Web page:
Straight Talk about Mesothelioma, a blog series created by Michael T. Milano, M.D., Ph.D., a radiation oncology specialist, as a resource for mesothelioma patients and their loved ones.
Mesothelial Cells in Pleural Fluid
There are certain cells that line the pleura — the thin, double-layered lining which covers the lungs, chest wall, and diaphragm — which are known as mesothelial cells. Other than the pleura, mesothelial cells also form a lining around the heart (pericardium) and the internal surface of the abdomen (peritoneum).
When mesothelial cells are examined under the microscope, they often appear like squamous cells. It is important to note that mesothelial cells have a structure (what doctors call “morphology”) like squamous cells, but in reality, they are a unique type of epithelial cell.
What Role Does Cell Type Play in a Cancer Diagnosis?
There are many different kinds of cells in the human body, and each different kind serves a specific function. Some estimates say that there are up to 200 trillion cells inside of a human body. Almost every single organ inside the body is covered by a lining of cells, and these cells are known by scientists and doctors as epithelial cells.
Whenever a doctor suspects cancer in a patient, he or she will nearly always perform a biopsy to determine the cell type. The tissue is then examined under a microscope. In most cases, the tissues have to be stained so that the internal organs and cell surface can be visualized.
This branch of medicine, known as “histology,” provides the details of the cells, including how developed they are, if they’ve undergone any abnormal changes, and their general growth pattern. When cancerous tissue is examined specifically, this branch of medicine is known as histopathology — and doctors will look exclusively for the presence of abnormal cells.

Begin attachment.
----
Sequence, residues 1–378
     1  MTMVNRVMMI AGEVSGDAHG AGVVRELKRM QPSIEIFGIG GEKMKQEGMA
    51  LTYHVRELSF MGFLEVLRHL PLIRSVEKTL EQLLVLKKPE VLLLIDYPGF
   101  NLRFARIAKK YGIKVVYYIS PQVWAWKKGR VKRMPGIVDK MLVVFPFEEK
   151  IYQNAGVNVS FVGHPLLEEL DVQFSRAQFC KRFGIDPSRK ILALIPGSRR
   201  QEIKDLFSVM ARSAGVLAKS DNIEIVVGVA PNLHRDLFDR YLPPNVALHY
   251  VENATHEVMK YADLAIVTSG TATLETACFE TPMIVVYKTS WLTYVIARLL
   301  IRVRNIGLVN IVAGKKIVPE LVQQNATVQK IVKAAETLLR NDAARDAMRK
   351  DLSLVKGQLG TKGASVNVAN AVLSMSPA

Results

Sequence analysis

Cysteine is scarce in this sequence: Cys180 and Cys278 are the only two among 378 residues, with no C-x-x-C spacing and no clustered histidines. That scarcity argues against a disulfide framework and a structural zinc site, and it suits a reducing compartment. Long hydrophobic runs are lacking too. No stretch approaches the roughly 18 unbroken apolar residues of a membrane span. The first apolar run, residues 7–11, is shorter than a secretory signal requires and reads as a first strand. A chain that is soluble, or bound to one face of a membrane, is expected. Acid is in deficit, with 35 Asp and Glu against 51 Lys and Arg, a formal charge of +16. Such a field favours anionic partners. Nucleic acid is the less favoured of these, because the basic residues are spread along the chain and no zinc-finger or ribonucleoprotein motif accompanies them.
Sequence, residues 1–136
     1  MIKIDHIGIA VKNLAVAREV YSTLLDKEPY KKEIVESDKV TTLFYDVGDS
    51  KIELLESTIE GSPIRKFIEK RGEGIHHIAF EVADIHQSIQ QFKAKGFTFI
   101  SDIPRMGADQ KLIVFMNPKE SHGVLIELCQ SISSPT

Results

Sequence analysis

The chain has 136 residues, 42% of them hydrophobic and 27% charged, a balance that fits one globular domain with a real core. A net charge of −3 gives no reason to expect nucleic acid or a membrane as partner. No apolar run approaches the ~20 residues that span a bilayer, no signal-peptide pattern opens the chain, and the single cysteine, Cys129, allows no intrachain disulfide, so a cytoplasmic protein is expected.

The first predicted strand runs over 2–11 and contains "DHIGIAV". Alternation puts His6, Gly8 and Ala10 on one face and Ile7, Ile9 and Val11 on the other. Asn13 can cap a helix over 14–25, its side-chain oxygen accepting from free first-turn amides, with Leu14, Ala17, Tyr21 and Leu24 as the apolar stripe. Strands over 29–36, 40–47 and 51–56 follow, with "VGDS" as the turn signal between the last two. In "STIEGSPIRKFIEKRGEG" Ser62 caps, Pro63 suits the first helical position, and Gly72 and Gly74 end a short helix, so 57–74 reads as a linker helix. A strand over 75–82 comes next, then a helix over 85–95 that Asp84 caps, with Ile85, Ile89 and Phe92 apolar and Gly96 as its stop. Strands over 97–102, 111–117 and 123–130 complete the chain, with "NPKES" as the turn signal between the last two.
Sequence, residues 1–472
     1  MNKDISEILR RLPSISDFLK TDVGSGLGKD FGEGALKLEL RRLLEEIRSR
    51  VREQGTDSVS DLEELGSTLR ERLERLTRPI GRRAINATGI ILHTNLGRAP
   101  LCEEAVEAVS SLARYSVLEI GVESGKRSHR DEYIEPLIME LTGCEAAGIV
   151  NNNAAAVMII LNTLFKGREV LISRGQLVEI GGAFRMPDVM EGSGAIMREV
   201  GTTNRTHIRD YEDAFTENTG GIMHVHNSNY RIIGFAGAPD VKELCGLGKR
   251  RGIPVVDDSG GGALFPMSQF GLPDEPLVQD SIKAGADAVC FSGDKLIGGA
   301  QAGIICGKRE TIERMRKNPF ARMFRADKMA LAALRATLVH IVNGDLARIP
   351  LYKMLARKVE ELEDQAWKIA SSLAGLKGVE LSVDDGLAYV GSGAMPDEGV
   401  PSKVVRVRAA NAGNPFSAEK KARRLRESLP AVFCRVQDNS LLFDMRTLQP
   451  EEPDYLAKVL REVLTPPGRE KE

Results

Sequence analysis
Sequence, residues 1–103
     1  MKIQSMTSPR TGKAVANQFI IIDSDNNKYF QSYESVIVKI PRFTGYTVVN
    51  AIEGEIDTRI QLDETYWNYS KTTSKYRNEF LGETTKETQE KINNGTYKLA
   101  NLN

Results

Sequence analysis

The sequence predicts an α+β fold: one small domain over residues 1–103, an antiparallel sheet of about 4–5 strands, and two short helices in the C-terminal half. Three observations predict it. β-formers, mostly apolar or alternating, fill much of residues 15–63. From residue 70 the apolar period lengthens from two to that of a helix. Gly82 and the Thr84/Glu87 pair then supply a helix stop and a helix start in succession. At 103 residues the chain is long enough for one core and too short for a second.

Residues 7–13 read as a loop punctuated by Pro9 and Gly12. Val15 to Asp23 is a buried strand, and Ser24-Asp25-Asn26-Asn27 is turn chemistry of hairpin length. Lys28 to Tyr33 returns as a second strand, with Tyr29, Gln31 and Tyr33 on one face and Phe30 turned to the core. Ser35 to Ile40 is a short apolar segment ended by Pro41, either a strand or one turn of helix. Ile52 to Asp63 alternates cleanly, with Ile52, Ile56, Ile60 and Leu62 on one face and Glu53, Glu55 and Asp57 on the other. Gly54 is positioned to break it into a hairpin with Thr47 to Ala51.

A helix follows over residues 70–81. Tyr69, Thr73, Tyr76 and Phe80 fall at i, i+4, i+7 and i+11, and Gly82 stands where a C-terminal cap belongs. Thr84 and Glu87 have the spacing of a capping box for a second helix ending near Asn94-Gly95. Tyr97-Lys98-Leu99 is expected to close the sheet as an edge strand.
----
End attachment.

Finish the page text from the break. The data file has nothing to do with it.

What Is the Function of Mesothelial Cells?
Mesothelial cells are specialized and have several specific functions:
- They secrete a fluid that lubricates the lungs and allows them to glide over the pleura during breathing. This fluid has a detergent-like effect that creates a “slippery” surface. This enables the lungs to glide in the chest cavity with ease.
- They reabsorb any excess fluid in the chest cavity to prevent fluid accumulation. Normally there is only about half a cup of fluid (about 30-50 cc of fluid) in the pleural lining and this fluid is constantly removed and replaced with fresh fluid. If the mesothelial cells fail to function, the fluid can quickly accumulate, leading to an unhealthy fluid collection in the chest cavity (also known as a “pleural effusion”). As the fluid builds up in the chest cavity, the patient can develop vague chest pain and shortness of breath. These are the two symptoms that are most commonly associated with mesothelioma.
- They are also non-adhesive. To doctors, “non-adhesive” simply means that the cells will not allow the lungs to “stick” to the chest wall or the pleura. This is important because when the lungs inflate and deflate every time a person breathes, it is vitally important that the lungs not get “stuck” to the chest cavity. In such rare cases when the lungs do get “stuck,” breathing becomes labored and serious health issues could result.
- Arguably, one of the mesothelial cells’ largest roles is to protect and prevent organisms like bacteria, viruses, and other foreign particles from entering into the chest cavity. Mesothelial cells completely surround the bacteria and destroy them.
What Role Do Mesothelial Cells Play During Infection or Injury?
The mesothelial fluid plays a role in repairing damage inside pleural space — the fluid helps transport the body’s defense cells (white cells) to and from sites of infection and inflammation and also helps clean up any areas of congestion.
If for any reason, there is trauma or an infection to the mesothelial lining, this triggers the nearby mesothelial cells to multiply and fight off the infection while at the same time repairing any damages or gaps in the pleural lining. When the healing of the pleural lining is impaired, then the lung can become “trapped” or it can get stuck in the chest cavity. This can halt the normal movements of the lung and interfere with a person’s breathing.
In the case of mesothelioma, when the mesothelial cells are exposed to asbestos fibers, the cells ingest these fibers and prevent them from causing harm. However, if the asbestos exposure is continued over time, such heavy volumes of asbestos can overwhelm the mesothelial cells.
Continued exposure to asbestos fibers damages the mesothelial cells and over time leads to the development of cancer, which can take up to 20-50 years to present.